Tabaimo Transforms Ancient Artifacts into Surreal Animated Worlds at James Cohan

Above: Installation view, “Tabaimo: Clue to Utsushi,” James Cohan, New York, 2018. Photo: Phoebe d’Heurle.

James Cohan Gallery on the Lower East Side is known for transforming its space for interesting installations that create an environment. You may remember Omer Fast: August, a recent controversial exhibit where the street-facing portion of the gallery was transformed to simulate a rundown Chinatown storefront, revealing video art in the back. James Cohan’s current museum-quality installation, Clue to Utsushi, comprises surreal animations by Japanese artist Tabaimo. Each animation is projected onto a wall (or custom structure) in its own shape and size relating to an ancient artifact from the Seattle Art Museum. The gallery space is transformed into an unfamiliar, austere world that invites viewers to lurk around its dark corners and discover that there is more to unfold in each animation than first meets the eye.

2018_01_15_JamesCohan_004v1E.jpgInstallation view, “Tabaimo: Clue to Utsushi,” James Cohan, New York, 2018. Photo: Phoebe d’Heurle.

Each of Tabaimo’s video projections allures with symbols of beauty, like a woman’s silhouette, a butterfly, a bird, or a set of armoires, yet leaves hints to the viewer that cohabiting with this beauty might be something sinister, and that watching and following the beautiful thing can lead you to a darker unknown place. Tabaimo creates an “Alice in Wonderland”-like universe where we are unfamiliar with where our curiosities will take us as we are drawn into the bizarre visual settings she imagined.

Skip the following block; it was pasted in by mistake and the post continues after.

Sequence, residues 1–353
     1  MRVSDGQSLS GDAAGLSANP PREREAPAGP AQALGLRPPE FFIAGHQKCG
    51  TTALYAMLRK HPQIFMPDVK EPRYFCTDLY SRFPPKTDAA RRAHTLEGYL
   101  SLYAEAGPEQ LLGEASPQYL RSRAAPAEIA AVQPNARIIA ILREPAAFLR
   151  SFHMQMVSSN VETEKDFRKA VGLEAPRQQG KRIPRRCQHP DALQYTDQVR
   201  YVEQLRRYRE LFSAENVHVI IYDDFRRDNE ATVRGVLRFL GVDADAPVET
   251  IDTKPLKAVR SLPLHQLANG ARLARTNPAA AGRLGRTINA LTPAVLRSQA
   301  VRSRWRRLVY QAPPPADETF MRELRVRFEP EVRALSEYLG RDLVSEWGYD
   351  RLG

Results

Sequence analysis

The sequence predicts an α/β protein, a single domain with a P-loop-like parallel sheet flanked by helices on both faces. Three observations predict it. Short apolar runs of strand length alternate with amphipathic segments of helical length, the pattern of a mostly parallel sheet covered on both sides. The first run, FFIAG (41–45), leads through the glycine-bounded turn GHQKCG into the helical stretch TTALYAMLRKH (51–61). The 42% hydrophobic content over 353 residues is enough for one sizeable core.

Utsushi1.pngStill from “Shinju Trail” by Tabaimo at James Cohan, New York, 2018. Image © Tabaimo. Photo: Artifactoid.

Clue to Utsushi is directly connected with Tabaimo’s 2016 exhibit at the Seattle Art Museum (SAM), Utsusushi Utsushi. At SAM, Tabaimo discovered that ancient artifacts around the Seattle Art Museum were calling to her with different energies, leading her to create works of video art that brought the antiques to life and opened them up to reveal new narratives. Four of the resulting videos are now on display in Clue to Utsushi, plus Shinju Trail, pictured above, which was created specifically for this show.

Screen Shot 2018-02-25 at 12.03.23 PM.pngRound-corner wood-hinged Cabinets (GUI), 16th Century, Chinese, that inspired the work “Two” by Tabaimo. Image © Seattle Art Museum.

Clip from “Two” by Tabaimo at James Cohan Gallery. Video © Tabaimo. Footage: Artifactoid.

Carrying the ancient to the present, Tabaimo, an artist known for critiquing Japanese culture, speaks to the concept of Utsushi, or, emulating artwork by masters of the past. Instead of physically copying the art of the masters, Utsushi refers to keeping the same “energy” of the master’s artwork while simultaneously bringing it into a new contemporary form. Though we don’t necessarily have this exact word in English, I believe that a lot of the best contemporary artwork from around the world demonstrates Utsushi by being original while maintaining a strong dialogue with the past and ultimately connecting it with the present and future.

Screen Shot 2018-02-25 at 5.19.27 PM.pngImage of an artifact that inspired the below animation, “Crow” by Tabaimo. © Seattle Art Museum.

Clip from “Crow” by Tabaimo at James Cohan Gallery. Video © Tabaimo. Footage: Artifactoid.

James Cohan Gallery is located at 191 Grand Street in Manhattan. Today is the final day to view this exhibition.

 

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